Complex Regional Pain Syndrome
Help for Injured crewmen and fishermen suffering from Complex Regional Pain Syndrome. Maintenance and Cure and Jones Act benefits for victims of RSD and CRPS.
Injured seamen and commercial fishermen who suffer from Complex Regional Pain Syndrome (CRPS) may be entitled to compensation under the Jones Act and payment of maintenance and cure benefits.
The very nature of seamen’s work makes them susceptible to hand and feet injuries that may progress into a disabling condition referred to as complex regional pain syndrome (CRPS), which was formerly called RSD. Symptoms of CRPS vary from individual to individual. Unfortunately, there is no known cure for complex regional pain syndrome.
Complex regional pain syndrome (CRPS), has become increasingly diagnosed in cases involving injuries to men and women working at sea. Medical experts disagree about the exact causes of complex regional pain syndrome. What is known is that CRPS can be caused by minor trauma and that victims of CRPS suffer from severe chronic pain that disrupts the injury victim’s lives.
Common signs and symptoms associated with CRPS include continuous throbbing or burning pain. CRPS is most commonly seen in injuries to the legs, feet, arms and hands. There may be swelling in these areas, and the injured crewman may describe temperature sensitivity, changes in skin color (molted red or blue skin). Those suffering from CRPS have difficulty using the affected limb; the limb can atrophy.
Complex regional pain syndrome may develop following an injury to a nerve or, in other, cases develop following a relatively minor crush type injury with no broken bones or direct injury to the nerve. In either case, if CRPS develops as a result of an injury to a crewman working aboard a vessel, the maritime doctrine of maintenance and cure may apply. This requires the injured seaman’s employer to pay for all reasonable and necessary medical care associated with a CRPS injury. Treating CRPS can involve costly therapies, surgery and, in some cases, spinal cord stimulators. Victims of CRPS suffer agonizing pain and may develop depression and anxiety symptoms accompanying the chronic pain symptoms. It is important to for crewmen suffering from CRPS symptoms to receive early diagnosis and treatment which may prevent the extent and spread of the injury.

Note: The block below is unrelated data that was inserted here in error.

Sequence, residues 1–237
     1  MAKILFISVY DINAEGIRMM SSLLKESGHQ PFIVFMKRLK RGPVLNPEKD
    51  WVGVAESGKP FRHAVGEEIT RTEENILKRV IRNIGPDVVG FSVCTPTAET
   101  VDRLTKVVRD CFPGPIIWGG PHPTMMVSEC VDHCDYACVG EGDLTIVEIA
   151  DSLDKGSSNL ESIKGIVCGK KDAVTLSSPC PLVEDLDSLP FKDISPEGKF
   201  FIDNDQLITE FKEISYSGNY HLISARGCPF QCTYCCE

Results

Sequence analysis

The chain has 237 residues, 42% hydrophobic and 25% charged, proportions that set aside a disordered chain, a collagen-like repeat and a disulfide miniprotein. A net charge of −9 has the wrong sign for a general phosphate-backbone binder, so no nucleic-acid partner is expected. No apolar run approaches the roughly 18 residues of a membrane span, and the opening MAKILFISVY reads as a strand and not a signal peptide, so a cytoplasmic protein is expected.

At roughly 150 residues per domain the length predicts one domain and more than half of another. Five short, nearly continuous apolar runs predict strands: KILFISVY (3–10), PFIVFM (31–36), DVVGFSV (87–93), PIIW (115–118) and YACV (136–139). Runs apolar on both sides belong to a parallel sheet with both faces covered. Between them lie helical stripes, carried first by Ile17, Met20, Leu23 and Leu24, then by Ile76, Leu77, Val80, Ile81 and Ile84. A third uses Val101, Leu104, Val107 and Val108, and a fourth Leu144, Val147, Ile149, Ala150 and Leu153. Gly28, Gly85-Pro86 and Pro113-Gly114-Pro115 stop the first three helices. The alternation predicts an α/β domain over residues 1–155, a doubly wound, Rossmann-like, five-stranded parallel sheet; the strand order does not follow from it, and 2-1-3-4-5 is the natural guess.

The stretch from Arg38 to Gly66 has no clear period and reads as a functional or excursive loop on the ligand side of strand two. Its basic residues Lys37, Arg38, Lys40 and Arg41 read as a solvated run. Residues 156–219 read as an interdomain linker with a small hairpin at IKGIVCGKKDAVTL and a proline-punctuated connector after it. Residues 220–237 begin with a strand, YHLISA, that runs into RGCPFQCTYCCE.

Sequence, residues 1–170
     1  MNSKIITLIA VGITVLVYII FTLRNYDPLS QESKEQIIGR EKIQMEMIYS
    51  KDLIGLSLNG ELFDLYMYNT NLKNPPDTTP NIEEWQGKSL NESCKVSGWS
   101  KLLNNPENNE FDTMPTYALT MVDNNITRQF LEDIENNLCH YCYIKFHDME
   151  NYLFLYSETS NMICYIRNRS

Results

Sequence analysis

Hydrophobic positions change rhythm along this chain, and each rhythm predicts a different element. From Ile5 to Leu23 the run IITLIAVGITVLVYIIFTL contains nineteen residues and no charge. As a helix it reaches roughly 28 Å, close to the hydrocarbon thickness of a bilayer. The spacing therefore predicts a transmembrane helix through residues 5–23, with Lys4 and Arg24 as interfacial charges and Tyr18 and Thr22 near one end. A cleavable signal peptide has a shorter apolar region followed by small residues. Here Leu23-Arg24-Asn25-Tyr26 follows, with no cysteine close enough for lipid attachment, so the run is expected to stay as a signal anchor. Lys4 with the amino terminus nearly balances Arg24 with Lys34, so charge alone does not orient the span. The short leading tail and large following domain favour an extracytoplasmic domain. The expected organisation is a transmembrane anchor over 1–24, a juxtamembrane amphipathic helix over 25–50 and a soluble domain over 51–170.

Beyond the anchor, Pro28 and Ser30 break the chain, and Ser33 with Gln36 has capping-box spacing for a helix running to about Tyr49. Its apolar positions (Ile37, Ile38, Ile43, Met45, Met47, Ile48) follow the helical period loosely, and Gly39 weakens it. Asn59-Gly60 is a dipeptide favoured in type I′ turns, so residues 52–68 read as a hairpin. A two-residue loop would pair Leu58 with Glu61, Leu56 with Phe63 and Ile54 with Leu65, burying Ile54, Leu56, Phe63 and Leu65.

The modern trend is that treatment for chronic pain syndrome designed to improve an injured seaman’s ability to function is curative in nature. Your surgeon or chronic pain physician may require prior authorization or guarantee of payment before providing expensive chronic pain treatments. Maritime lawyers assist their clients in getting the appropriate medical and insurance authorizations for these treatments and in difficult cases ask the courts for orders requiring recommended treatments.
Where the underlying injury that triggers the CRPS is the result of negligence or unseaworthiness, a seaman suffering from CRPS may have a claim for compensatory damages under the Jones Act and the general maritime law. Maritime lawyer James Beard and his partners at Johnson Beard & Trueb PC have represented injured crewmen and seamen suffering from CRPS and helped them recover compensation for their CRPS symptoms. They work with you and your doctors to get you employer to authorize payment for the proper care and treatment you need. Many injured seamen with CRPS symptoms cannot return to work, and claims for pain and suffering, psychological stress, lost earning capacity, and future medical expenses must be pursued.
If you are an injured seaman or fisherman suffering from CRPS, contact Beard and his partners Johnson Beard & Trueb PC to discuss your potential rights under the Jones Act and the general maritime law. Your future depends on getting fair compensation for your injuries.